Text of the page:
Third, courage challenges us to explore both human sensibilities and that of a God who sometimes uses war as judgment. What does it mean that this same God created both those whom God rewards and those whom God punishes in a divinely sanctioned war? Is the concept of a "just war" valid for the ancient biblical civil disturbances and for quelling modern insurgencies and tyrannical despots? How do just war concepts enable students and pedagogues to analyze an Iraqi war that is loosely cloaked in imperialistic, divine-manifest destiny language? Courage would invite us to compare the rule of David and the tension with his sons and the rule of President Bush and his twin daughters. Instead of conflict between sons, to make the text come alive, one could explore the conflict within the Bush dynasty, the rivalries between presidential son and presidential father, along with the various tensions within the presidential cabinet. We could also explore the various border skirmishes with "illegal aliens" and troopers on the Mexican/United States border and reflect on our truck economy and the impact of indigent labor. We might find out that we are not such good stewards and that those of us who subscribe to a democratic republic often fail at practicing what we preach.

Forth, commitment presses us to help students make new discoveries. How might their reading of milhamah in 2 Samuel 3 or 1 Kings 15 help them gain a richer understanding of the tensions within the Davidic dynasty? Here again we could place the Davidic dynasty in contrast with the Bush dynasty and do an in-depth query on colonialism and empire building then and now. Since most of the empires in history have had meteoric rises and falls, what does the witness of Scripture and of history tell us about the future of a so-called United States empire? One could also pose the question of what impact gender has in decision making and in the development and completion of war.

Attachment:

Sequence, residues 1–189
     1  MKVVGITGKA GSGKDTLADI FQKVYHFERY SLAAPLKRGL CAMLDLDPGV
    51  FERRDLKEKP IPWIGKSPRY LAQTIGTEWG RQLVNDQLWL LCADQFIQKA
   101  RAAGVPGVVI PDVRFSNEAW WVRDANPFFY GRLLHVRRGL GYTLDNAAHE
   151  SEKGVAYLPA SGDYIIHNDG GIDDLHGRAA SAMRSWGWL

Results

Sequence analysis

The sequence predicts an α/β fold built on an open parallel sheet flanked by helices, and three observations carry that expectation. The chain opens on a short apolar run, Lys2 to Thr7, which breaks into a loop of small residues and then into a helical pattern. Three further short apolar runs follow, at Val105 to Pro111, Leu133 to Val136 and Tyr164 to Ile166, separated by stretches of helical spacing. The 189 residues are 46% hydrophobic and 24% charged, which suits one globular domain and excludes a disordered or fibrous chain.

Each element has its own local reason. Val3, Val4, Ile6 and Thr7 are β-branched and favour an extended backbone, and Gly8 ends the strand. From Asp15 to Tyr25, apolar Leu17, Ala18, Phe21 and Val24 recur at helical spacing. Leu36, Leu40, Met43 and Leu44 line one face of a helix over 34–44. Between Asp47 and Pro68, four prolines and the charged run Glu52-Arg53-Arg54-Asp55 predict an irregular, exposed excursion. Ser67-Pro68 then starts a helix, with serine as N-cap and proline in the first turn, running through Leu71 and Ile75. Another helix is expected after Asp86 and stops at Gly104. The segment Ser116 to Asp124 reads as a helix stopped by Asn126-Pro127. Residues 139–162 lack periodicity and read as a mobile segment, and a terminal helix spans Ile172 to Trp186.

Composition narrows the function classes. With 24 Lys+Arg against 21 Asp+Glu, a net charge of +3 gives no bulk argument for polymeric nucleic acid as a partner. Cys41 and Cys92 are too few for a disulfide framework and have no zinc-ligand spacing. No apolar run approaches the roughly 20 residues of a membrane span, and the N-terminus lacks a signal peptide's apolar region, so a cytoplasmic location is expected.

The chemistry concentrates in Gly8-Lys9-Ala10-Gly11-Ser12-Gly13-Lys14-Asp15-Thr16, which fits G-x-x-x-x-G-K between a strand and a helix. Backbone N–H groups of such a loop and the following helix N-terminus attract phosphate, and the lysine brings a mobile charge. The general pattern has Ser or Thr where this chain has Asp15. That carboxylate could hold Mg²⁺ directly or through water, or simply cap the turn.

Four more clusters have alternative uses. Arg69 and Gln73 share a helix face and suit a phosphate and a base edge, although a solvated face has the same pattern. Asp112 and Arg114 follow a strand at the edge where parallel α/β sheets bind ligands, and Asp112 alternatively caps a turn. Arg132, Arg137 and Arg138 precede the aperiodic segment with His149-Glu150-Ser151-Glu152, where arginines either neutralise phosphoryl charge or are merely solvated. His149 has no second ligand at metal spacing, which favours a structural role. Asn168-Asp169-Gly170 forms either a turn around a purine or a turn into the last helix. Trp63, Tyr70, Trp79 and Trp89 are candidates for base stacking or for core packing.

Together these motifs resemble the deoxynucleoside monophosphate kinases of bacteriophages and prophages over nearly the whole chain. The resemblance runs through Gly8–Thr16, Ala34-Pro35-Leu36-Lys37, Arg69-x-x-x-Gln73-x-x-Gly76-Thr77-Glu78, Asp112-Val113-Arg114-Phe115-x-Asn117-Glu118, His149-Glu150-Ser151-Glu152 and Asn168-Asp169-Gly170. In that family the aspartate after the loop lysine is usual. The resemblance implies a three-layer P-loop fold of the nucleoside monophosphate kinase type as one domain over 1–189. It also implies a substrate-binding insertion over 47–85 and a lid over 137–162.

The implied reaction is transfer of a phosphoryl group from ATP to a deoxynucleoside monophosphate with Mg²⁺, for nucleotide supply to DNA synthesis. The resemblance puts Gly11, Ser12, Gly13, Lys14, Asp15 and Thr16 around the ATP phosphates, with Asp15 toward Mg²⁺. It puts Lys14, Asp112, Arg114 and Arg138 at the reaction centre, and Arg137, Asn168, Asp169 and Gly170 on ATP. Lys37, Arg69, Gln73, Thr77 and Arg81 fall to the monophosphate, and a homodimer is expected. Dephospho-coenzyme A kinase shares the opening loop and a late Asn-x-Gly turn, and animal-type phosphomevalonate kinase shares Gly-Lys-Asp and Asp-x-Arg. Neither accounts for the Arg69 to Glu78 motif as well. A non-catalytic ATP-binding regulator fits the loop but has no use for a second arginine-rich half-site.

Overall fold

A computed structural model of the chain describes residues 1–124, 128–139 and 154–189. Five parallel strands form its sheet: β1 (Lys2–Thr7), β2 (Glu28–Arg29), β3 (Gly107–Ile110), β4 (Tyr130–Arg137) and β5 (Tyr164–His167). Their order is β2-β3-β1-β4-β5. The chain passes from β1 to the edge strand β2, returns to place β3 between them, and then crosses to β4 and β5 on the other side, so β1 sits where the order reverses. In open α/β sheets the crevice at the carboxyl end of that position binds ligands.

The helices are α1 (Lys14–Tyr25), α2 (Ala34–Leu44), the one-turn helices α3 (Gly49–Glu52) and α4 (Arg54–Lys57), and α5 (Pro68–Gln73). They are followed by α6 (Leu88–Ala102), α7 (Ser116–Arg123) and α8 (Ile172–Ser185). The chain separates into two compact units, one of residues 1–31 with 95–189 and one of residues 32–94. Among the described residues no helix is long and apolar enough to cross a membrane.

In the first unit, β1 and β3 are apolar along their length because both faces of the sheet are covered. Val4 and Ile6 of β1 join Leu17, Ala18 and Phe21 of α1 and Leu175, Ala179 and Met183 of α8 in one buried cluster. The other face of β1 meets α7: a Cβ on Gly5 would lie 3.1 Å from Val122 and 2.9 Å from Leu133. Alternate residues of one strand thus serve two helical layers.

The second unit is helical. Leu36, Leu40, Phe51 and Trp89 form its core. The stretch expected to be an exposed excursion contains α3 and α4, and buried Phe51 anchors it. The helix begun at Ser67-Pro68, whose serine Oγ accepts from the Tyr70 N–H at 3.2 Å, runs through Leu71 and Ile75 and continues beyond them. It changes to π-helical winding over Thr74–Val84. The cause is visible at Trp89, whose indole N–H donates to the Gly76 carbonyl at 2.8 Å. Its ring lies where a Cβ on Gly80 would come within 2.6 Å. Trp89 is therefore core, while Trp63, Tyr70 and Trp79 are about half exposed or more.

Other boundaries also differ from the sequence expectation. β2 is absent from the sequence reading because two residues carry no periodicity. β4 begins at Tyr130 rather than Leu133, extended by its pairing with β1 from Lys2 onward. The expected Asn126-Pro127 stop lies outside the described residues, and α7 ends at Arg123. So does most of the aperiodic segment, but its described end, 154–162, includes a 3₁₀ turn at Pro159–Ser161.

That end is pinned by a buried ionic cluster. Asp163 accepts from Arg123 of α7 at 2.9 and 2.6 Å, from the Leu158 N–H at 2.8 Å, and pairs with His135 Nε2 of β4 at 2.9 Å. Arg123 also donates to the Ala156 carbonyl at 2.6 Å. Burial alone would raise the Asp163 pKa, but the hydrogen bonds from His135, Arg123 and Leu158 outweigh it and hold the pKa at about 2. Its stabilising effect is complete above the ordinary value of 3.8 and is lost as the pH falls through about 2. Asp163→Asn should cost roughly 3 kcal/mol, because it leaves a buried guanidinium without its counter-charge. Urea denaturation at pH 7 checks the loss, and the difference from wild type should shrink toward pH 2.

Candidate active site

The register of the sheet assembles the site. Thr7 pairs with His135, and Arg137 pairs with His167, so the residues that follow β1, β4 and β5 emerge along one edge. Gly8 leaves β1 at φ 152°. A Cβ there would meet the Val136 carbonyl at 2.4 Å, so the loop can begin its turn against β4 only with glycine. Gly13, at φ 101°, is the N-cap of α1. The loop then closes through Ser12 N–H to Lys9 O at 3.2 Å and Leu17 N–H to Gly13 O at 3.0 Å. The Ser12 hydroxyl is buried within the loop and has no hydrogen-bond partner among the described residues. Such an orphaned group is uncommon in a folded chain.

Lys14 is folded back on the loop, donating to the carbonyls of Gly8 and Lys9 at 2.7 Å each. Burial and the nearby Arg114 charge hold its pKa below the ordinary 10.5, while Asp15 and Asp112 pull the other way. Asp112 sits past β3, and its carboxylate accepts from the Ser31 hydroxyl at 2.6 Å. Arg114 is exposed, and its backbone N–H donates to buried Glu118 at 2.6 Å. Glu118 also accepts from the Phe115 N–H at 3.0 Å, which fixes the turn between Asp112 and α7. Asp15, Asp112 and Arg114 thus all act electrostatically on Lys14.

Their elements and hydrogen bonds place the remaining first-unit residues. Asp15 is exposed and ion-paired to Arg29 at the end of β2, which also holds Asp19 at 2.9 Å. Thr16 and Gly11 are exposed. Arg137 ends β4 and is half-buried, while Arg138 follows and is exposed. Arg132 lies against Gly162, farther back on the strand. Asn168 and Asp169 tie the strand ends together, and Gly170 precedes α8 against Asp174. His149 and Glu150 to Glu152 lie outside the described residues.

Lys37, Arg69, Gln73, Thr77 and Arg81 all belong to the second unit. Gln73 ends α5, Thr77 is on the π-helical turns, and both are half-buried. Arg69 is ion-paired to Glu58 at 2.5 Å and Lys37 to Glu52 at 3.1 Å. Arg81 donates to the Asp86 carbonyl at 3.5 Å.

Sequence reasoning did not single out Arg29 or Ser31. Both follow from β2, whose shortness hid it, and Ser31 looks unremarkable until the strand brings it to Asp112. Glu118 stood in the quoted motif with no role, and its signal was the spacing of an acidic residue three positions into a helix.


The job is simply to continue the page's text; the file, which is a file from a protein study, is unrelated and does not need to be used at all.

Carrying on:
Fifth, candor calls us to explore the dynamics of oppression and therefore inquire as to the socio-cultural, religious, and psychological impact of the rape and murder of the secondary wife in Judges 20. Why? Twentieth and twenty-first century civil and global wars have come to use rape as weapons of war. For example, the rapes by Arabs in the Sudan come immediately to mind. Candor would also press us to explore the growing industry of sex trafficking, particularly as it exists in connection with American military bases. What is the connection, if any, between temple prostitutes and Davidic kingdom building? Is there a parallel between sex trafficking and prostitution and corporate wealth? Is this one vehicle for money laundering? What would have been the ancient equivalent of the same?

Sixth, curiosity invites us to search these ancient biblical texts to explore questions of inclusivity, mercy, and love that beg the question as to what happened to children, women, and elders during civil wars, then and now. How would Dr. Cornum and the soldiers she helped save answer such a question? Would reading the Guantanamo Bay incidents of torture through the lens of Judges 20 prove eye opening? Can reading mad texts, both ancient and contemporary bio-texts of wounded bodies, produce any knowledge other than more madness?